Crafting a will involves more than just the distribution of assets and belongings. One often overlooked but essential element is the inclusion of a power of attorney.
This legal document grants someone you trust the authority to make decisions on your behalf if you become unable to do so yourself. While this may not seem like a priority when you start your estate plan, there are reasons to consider it sooner rather than later.
Ensuring the honoring of your wishes
The American Bar Association explains that a power of attorney allows you to choose who will act for you while defining their authority and its limits. Including a power of attorney in your will ensures that a trusted individual will honor your wishes, even if you are unable to act on your own behalf.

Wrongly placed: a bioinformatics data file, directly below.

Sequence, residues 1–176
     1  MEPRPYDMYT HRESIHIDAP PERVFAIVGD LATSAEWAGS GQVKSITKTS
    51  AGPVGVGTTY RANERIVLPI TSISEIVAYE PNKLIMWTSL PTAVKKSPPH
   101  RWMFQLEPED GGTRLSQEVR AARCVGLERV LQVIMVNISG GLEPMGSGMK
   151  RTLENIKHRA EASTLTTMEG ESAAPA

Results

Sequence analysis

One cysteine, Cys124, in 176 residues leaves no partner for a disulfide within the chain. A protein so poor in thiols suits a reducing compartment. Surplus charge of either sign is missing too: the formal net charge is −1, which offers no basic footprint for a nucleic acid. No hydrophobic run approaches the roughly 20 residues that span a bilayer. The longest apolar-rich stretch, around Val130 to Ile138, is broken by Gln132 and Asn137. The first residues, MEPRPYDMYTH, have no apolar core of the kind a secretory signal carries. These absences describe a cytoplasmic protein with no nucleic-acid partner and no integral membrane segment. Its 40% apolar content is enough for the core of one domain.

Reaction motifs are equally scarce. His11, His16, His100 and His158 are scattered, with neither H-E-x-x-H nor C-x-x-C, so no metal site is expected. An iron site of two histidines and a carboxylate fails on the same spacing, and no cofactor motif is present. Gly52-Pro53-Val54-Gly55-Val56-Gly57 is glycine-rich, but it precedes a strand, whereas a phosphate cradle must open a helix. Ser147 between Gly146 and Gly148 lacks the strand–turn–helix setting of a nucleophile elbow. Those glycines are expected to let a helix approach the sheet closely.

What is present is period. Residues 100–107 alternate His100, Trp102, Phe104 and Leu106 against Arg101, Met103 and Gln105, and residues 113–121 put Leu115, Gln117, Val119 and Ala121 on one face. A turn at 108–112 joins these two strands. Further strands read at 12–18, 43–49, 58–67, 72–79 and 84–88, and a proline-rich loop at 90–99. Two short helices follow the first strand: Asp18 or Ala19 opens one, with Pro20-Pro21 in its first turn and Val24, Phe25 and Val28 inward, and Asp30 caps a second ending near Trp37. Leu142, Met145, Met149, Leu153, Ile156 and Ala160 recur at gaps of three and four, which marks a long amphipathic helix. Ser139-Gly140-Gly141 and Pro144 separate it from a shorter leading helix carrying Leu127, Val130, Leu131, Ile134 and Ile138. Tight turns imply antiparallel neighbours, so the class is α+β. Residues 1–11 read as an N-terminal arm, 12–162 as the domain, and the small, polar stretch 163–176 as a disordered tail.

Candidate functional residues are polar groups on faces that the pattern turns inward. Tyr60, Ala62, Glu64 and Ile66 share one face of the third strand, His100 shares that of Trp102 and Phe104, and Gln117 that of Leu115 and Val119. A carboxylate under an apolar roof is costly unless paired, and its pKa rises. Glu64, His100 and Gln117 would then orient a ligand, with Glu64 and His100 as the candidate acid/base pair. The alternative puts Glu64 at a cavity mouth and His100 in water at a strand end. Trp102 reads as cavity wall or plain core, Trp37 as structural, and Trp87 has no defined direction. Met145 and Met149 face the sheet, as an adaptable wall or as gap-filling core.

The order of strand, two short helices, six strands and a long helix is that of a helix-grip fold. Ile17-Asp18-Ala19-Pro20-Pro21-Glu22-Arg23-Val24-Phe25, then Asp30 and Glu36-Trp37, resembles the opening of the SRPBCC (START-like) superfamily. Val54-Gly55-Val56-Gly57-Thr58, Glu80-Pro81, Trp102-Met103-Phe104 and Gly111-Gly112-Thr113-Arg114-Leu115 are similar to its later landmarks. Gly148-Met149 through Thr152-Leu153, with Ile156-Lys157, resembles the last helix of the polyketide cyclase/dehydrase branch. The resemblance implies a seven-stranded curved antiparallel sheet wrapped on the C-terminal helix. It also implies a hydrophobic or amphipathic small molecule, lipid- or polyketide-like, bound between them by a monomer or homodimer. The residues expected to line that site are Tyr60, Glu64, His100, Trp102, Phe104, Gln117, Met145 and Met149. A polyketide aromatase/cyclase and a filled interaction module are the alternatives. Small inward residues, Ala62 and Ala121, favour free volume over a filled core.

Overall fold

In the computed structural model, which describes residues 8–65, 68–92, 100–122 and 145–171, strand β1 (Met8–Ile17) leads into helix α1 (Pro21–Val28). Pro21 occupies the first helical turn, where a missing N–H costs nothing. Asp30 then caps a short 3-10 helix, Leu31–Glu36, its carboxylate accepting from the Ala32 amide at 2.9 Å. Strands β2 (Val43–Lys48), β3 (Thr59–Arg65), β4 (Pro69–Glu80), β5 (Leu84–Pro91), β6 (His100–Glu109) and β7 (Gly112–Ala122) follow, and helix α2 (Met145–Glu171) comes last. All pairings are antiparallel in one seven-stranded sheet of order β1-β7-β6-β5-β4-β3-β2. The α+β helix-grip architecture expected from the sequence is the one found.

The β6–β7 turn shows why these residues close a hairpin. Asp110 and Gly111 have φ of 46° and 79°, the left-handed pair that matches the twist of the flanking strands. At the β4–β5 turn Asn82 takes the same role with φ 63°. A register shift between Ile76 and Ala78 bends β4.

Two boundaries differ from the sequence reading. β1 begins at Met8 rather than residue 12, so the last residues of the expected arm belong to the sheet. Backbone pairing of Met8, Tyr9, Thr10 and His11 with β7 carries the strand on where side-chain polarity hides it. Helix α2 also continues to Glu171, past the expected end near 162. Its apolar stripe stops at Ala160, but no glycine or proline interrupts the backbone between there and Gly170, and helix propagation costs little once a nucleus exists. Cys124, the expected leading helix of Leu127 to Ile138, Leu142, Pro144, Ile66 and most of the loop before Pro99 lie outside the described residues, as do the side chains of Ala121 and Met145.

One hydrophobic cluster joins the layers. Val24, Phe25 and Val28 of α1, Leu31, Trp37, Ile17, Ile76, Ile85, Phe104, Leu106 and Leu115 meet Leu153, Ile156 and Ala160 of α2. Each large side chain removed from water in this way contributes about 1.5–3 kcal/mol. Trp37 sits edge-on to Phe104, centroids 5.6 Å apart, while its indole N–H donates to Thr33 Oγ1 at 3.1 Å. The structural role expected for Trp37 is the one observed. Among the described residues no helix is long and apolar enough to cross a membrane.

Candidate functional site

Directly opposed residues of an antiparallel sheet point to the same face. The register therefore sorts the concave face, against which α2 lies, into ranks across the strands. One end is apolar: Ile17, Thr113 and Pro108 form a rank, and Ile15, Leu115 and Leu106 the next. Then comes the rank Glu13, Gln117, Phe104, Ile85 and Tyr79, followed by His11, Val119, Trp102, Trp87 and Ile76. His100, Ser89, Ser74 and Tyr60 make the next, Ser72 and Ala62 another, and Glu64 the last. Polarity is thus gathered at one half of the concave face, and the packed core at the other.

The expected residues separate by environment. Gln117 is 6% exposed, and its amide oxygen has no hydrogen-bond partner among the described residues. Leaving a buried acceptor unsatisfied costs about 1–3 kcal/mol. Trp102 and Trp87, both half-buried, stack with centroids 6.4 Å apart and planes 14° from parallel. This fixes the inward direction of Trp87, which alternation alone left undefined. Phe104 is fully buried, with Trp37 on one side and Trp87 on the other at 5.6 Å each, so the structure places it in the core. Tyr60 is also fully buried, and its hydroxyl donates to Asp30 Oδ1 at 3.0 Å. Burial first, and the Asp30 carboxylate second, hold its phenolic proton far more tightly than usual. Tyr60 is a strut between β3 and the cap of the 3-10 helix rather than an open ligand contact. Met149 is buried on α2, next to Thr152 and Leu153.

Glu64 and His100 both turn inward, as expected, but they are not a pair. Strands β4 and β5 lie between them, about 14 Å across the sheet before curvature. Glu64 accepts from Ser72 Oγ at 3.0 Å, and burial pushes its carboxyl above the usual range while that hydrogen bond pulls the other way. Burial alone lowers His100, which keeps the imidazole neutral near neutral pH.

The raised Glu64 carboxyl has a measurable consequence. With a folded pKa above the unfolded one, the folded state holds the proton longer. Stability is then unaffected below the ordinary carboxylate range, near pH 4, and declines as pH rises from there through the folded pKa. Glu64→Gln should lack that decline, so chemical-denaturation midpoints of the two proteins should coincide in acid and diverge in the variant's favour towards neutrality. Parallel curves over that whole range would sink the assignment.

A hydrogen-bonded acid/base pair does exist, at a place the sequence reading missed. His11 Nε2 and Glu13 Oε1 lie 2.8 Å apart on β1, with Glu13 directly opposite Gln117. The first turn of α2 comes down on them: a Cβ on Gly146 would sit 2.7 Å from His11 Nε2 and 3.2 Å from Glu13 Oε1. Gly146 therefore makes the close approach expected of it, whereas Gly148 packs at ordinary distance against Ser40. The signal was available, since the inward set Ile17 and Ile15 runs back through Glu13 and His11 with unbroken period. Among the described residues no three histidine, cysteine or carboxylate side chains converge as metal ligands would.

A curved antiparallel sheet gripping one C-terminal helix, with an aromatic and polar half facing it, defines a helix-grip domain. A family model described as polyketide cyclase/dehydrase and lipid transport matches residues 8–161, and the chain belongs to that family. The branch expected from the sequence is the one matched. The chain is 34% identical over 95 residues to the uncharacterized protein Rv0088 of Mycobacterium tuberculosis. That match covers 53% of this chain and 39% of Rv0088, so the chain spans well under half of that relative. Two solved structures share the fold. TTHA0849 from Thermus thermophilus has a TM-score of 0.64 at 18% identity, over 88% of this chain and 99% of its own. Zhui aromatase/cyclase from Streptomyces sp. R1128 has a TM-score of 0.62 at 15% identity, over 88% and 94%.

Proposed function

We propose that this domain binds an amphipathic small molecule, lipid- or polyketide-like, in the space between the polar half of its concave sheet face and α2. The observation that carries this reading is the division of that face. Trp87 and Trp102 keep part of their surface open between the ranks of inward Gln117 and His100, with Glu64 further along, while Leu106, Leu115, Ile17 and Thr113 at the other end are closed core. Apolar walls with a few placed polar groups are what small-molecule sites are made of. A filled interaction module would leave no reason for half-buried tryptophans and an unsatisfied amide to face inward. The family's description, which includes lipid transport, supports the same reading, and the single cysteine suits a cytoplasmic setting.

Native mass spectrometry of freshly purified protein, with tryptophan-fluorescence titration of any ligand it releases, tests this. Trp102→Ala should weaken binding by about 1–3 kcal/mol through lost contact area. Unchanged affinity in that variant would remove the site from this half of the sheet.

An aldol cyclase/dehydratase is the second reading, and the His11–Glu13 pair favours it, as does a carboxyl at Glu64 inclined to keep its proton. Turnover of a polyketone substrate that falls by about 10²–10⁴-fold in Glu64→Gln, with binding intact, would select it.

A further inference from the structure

Managing finances and legal matters
Financial and legal matters can become complex, especially during times of illness or incapacity. By appointing someone to hold power of attorney, you empower them to manage your finances, pay bills and handle legal affairs according to your instructions. You may also empower this individual to make medical choices on your behalf, taking your preferences and values into account.
Avoiding family disputes
Without a clear power of attorney, family members may face disagreements about decision-making responsibilities. This may lead to heated disputes and legal complications. Including a POA in your will can prevent such conflicts and provide a clear framework for decision-making.
A power of attorney safeguards your interests and provides a reliable framework for decision-making. Taking this step adds an extra layer of security to your estate planning, contributing to a comprehensive and well-thought-out legacy.